Slave Narratives (Library of America, Volume 114)
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The ten works collected in this volume demonstrate how a diverse group of writers challenged the conscience of a nation and laid the foundations of the African American literary tradition by expressing their in anger, pain, sorrow, and courage.
Included in the volume: Narrative of the Most Remarkable Particulars in the Life of James Albert Ukawsaw Gronniosaw; Interesting Narrative of the Life of Olaudah Equiano; The Confessions of Nat Turner; Narrative of the Life of Frederick Douglass; Narrative of William W. Brown; Narrative of the Life and Adventures of Henry Bibb; Narrative of Sojouner Truth; Ellen and William Craft's Running a Thousand Miles for Freedom; Harriet Jacobs' Incidents in the Life of a Slave Girl and Narrative of the Life of J. D.Green.
and children in want pierc’d me to the heart.—I now blam’d myself for bringing her from London, as doubtless had we continued there we might have found friends to keep us from starving. The snow was at this season remarkably deep; so that we could see no prospect of being relieved. In this melancholy situation, not knowing what step to pursue, I resolved to make my case known to a Gentleman’s Gardiner that lived near us, and entreat him to employ me: but when I came to him, my courage failed me,
in that place; and said, ‘she must go over and identify him.’ She went to the office, but at sight of her the boy cried aloud, and regarded her as some terrible being, who was about to take him away from a kind and loving friend. He knelt, even, and begged them, with tears, not to take him away from his dear master, who had brought him from the dreadful South, and been so kind to him. When he was questioned relative to the bad scar on his forehead, he said, ‘Fowler’s horse hove him.’ And of the
allowance they chuse out of this produce of their daily work to their slaves for subsistence; this allowance is often very scanty. My master often gave the owners of these slaves two and a half of these pieces per day, and found the poor fellows in victuals himself, because he thought their owners did not feed them well enough according to the work they did. The slaves used to like this very well; and, as they knew my master to be a man of feeling, they were always glad to work for him in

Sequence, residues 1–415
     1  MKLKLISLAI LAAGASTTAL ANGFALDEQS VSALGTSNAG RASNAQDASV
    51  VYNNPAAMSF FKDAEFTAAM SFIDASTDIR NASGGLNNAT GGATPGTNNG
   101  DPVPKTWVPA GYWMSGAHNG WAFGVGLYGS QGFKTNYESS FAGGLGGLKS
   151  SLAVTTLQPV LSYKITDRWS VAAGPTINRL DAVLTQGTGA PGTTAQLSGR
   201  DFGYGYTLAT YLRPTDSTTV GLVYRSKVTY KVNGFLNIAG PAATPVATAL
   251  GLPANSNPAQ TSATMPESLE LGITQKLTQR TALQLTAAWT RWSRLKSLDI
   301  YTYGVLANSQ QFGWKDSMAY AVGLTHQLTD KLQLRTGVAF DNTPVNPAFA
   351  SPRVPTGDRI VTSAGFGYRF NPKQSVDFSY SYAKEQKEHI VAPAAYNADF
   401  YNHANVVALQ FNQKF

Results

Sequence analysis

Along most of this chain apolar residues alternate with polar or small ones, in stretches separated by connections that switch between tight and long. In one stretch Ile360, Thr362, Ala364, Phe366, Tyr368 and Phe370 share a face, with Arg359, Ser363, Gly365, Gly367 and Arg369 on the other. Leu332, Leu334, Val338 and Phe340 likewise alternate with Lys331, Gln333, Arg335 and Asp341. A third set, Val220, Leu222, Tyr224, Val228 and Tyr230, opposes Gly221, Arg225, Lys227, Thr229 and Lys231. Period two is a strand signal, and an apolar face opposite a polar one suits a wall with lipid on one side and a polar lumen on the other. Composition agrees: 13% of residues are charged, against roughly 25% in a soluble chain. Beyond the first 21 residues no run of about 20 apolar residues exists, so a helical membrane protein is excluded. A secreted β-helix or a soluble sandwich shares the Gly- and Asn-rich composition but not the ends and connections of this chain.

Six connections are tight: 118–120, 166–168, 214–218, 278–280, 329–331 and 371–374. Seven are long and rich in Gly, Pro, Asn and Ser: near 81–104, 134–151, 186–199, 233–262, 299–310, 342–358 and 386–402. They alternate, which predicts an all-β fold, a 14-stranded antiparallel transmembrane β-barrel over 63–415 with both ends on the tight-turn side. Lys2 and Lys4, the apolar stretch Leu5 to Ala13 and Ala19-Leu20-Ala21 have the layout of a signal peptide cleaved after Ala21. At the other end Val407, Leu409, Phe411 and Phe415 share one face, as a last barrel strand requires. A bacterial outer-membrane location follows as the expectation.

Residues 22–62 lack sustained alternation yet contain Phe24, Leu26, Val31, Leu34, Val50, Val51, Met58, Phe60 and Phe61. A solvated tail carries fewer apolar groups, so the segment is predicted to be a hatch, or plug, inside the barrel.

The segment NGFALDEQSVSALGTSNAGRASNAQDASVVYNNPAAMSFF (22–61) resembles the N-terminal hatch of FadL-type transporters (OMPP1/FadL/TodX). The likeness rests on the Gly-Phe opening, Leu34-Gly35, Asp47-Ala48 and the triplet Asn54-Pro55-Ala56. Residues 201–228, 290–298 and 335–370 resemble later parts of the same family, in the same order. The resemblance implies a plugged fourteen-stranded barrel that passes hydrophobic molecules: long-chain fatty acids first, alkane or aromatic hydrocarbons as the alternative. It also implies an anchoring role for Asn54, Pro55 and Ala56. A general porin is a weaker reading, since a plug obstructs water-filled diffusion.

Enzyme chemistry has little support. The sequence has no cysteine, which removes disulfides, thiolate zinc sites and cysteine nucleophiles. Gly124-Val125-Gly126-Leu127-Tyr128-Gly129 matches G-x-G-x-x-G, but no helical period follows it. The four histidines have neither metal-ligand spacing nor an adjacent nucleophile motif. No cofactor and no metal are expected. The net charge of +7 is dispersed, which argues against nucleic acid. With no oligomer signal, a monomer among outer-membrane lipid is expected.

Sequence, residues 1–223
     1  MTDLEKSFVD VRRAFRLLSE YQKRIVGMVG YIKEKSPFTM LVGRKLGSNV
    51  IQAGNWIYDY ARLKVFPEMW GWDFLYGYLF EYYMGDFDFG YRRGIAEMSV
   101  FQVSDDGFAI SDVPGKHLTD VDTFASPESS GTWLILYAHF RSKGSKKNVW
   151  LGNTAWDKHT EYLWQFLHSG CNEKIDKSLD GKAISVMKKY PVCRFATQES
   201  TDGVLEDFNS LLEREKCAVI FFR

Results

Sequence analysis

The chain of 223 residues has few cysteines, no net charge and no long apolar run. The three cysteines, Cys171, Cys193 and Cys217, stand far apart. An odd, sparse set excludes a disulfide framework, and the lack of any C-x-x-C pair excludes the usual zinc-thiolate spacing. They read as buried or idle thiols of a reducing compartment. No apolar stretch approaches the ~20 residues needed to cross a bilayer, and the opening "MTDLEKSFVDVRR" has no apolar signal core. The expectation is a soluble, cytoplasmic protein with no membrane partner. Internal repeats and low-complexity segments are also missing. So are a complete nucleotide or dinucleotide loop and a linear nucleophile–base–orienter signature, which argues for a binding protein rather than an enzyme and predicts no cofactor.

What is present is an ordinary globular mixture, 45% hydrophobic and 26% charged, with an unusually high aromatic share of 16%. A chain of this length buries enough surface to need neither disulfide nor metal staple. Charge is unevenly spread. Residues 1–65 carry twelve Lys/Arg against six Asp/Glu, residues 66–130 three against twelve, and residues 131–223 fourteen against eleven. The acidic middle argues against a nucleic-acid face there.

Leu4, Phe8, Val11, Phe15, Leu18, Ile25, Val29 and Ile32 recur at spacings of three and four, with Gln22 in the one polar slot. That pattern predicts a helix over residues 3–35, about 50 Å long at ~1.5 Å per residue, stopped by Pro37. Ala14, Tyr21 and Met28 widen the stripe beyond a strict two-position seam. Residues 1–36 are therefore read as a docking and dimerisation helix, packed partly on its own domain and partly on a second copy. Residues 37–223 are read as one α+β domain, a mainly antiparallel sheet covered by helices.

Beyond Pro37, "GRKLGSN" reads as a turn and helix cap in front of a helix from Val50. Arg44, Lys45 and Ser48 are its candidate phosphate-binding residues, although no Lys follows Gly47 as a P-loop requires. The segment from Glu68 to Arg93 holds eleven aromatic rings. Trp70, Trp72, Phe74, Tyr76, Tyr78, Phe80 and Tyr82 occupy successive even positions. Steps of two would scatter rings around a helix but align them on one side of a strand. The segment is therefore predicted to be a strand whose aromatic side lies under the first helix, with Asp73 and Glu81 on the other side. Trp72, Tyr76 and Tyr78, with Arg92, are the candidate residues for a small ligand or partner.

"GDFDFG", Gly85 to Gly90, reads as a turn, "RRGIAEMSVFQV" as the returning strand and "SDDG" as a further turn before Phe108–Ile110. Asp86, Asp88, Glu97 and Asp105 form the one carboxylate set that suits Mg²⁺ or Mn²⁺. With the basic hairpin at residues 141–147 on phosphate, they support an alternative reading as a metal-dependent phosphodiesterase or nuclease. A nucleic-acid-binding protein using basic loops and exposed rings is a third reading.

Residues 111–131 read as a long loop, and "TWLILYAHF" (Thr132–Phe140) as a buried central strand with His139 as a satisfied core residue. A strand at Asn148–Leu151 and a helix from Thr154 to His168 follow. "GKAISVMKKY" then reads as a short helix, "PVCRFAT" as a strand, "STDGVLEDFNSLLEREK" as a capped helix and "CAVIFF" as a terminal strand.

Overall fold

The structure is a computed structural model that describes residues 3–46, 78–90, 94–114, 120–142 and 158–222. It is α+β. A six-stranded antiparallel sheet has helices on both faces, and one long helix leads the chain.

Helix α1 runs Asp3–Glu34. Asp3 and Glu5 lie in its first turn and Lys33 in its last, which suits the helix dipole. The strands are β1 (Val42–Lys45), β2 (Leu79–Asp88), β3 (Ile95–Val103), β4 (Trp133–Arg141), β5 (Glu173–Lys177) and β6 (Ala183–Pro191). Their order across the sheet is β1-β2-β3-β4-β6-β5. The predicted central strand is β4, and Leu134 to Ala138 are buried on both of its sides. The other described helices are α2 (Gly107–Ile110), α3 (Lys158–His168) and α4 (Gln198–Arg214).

the thoughts of my not sailing with him, he always became mild on my threats. I therefore continued with him; and, from my great attention to his orders and his business, I gained him credit, and through his kindness to me I at last procured my liberty. While I thus went on, filled with the thoughts of freedom, and resisting oppression as well as I was able, my life hung daily in suspense, particularly in the surfs I have formerly mentioned, as I could not swim. These are extremely violent
had killed him, and prayed to God, who gave me a mind which rested solely on himself. I prayed for resignation, that his will might be done; and the following two portions of his holy word, which occurred to my mind, buoyed up my hope, and kept me from taking the life of this wicked man. ‘He hath determined the times before appointed, and set bounds to our habitations,’ Acts xvii. 26. And, ‘Who is there amongst you that feareth the Lord, that obeyeth the voice of his servant, that walketh in